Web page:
ample notice and an opportunity to
retain knowledgeable counsel and by
ensuring in those instances where the
defendants have not been able to retain
counsel that the application is consistent
with applicable law. In Interscope v.
Does 17
,
23
a typical RIAA ex parte
John Doe pre-action discovery proceed-
ing, Judge Kelley, for example, did just
that. He rejected the RIAA's application
altogether, after a thorough review of the
laws, concluding that there was simply
no legal basis for the identity discovery
the RIAA was seeking. Additionally,
in Arista v. Does 117,
24
the attor-
ney general in Oregon has argued that
the RIAA's discovery application, if
granted, would force the university to
violate statutes protecting the rights of
the university's students.
Suggestion 4: Make explicit the
legal authority upon which discov-
ery applications are permitted or
rejected.
Justice will be well served
if a court is able to take the time to
scrutinize the statutory basis invoked
for each discovery application, cite
the authority supporting its rulings,
and deny discovery applications on
their merits if they are not warranted
by existing statutes or case law.
Preliminary Determination of the
Validity of Plaintiffs' Copyright
Infringement Claim
[W]ithout actual distribution of
copies . . . there is no violation [of] the
distribution right.
--William F. Patry,
Patry on
Copyright, 2007.
25
Plaintiff . . . must present at least
some facts to show the plausibility of
their allegations of copyright infringe-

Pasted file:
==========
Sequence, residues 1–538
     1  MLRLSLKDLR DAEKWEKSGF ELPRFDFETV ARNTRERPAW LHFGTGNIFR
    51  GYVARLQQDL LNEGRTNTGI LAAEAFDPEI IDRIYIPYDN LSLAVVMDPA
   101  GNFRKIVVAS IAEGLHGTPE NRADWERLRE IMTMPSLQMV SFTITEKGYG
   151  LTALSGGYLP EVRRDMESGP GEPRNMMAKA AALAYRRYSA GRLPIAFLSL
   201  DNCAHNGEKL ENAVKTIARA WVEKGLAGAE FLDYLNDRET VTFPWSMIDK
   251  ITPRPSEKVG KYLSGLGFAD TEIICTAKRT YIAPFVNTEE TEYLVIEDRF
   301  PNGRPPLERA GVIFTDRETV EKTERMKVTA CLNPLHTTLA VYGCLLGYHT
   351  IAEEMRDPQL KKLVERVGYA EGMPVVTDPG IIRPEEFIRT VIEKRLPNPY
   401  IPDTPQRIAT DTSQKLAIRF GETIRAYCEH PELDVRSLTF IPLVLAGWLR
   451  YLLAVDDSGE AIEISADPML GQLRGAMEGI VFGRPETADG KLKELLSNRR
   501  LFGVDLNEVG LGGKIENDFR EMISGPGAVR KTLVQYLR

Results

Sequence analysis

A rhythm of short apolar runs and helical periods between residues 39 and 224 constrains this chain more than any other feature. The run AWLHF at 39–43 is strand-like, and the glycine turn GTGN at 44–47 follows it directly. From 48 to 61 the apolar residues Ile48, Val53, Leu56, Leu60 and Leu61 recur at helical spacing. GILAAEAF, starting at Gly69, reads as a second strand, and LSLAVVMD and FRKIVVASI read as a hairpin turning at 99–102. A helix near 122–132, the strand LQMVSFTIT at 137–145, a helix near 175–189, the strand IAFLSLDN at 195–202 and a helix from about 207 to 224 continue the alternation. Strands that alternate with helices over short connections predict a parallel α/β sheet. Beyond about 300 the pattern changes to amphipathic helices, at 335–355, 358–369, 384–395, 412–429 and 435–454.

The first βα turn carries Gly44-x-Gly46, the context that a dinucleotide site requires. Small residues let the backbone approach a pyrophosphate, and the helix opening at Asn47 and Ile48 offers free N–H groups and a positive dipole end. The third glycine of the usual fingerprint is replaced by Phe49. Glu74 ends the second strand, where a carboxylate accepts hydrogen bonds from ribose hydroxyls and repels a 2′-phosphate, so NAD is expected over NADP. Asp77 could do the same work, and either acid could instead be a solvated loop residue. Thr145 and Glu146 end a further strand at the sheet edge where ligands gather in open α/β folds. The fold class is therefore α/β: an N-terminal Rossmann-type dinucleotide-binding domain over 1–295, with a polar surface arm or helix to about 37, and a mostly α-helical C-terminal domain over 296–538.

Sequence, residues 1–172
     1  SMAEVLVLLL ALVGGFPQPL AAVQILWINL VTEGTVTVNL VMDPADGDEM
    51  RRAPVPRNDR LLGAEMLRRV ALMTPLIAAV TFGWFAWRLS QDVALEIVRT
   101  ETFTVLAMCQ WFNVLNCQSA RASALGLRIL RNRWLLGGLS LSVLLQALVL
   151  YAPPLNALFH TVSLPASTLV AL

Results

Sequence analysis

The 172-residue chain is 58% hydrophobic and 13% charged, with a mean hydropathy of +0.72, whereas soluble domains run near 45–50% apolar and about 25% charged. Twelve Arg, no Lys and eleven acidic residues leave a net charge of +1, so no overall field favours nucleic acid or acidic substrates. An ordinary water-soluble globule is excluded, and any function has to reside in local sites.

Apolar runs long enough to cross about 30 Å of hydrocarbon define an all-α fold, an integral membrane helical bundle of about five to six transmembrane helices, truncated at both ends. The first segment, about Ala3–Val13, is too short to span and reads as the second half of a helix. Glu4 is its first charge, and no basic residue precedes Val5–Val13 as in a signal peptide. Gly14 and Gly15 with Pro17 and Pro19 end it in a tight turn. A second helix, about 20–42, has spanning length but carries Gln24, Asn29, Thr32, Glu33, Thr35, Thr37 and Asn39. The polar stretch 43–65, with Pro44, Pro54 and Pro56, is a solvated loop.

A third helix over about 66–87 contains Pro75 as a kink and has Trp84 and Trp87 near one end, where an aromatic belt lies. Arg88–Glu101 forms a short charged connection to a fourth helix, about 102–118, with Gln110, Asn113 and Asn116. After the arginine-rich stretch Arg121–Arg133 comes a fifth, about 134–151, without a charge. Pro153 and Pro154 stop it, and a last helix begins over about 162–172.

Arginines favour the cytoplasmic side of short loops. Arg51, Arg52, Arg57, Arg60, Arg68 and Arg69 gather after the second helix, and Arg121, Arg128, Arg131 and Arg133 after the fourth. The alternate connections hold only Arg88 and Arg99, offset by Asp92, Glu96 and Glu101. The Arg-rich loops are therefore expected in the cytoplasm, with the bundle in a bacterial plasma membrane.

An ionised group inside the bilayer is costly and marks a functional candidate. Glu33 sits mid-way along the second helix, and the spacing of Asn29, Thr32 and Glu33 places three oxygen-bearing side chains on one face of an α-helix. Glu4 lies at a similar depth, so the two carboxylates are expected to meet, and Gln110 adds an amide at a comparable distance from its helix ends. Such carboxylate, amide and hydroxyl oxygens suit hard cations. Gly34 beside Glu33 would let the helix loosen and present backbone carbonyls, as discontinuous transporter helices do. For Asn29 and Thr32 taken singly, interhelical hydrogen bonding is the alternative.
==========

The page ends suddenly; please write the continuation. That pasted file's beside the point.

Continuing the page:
ment. . . . However, . . . Plaintiffs have
presented no facts that would indicate
that this allegation is anything more
than speculation.
--Judge Rudi M. Brewster,
Interscope v. Rodriguez, 2007.
26
The courts in various jurisdictions are
generally in agreement, both as a matter
of constitutional law and common law,
that pre-action discovery of an anony-
mous person's identity should not be
permitted, regardless of whether there is
a valid legal underpinning for the discov-
ery process invoked, absent a concrete
showing that the party seeking discov-
ery (1) has pled a valid claim for relief
against the anonymous party and (2) has
submitted a concrete and competent evi-
dentiary showing of each element of that
claim. I am of the view that the RIAA's
boilerplate complaint clearly fails to state
a claim for relief, even under pre-Twom-
bly
standards,
27
but I cannot ask the reader
to necessarily agree in the absence of
appellate authority on the subject. I do,
however, ask that courts scrutinize the
pleading and the evidence carefully at the
John Doe stage.
Suggestion 5: Scrutinize John Doe
pleadings and evidence without
being intimidated by technology jar-
gon.
The complaint, of course, affords
the opportunity to ensure that plain-
tiffs have validly pleaded a copyright
infringement claim and that the evi-
dence is admissible and covers all
elements of the claim. It is easy to be
overwhelmed by impressive-sounding
technical and pseudo-technical jargon.
Allow me to observe that if the court
and the court's law clerks and law
secretaries (many of whom are "digital
natives") do not understand the case,
that may be a sign that the plaintiff
has none.
Suggestions for the "Named
Defendant" Phase
The Sufficiency of the Complaint. Once
the RIAA has obtained the information it
subpoenaed from the ISP, it then knows
the identity and address of the person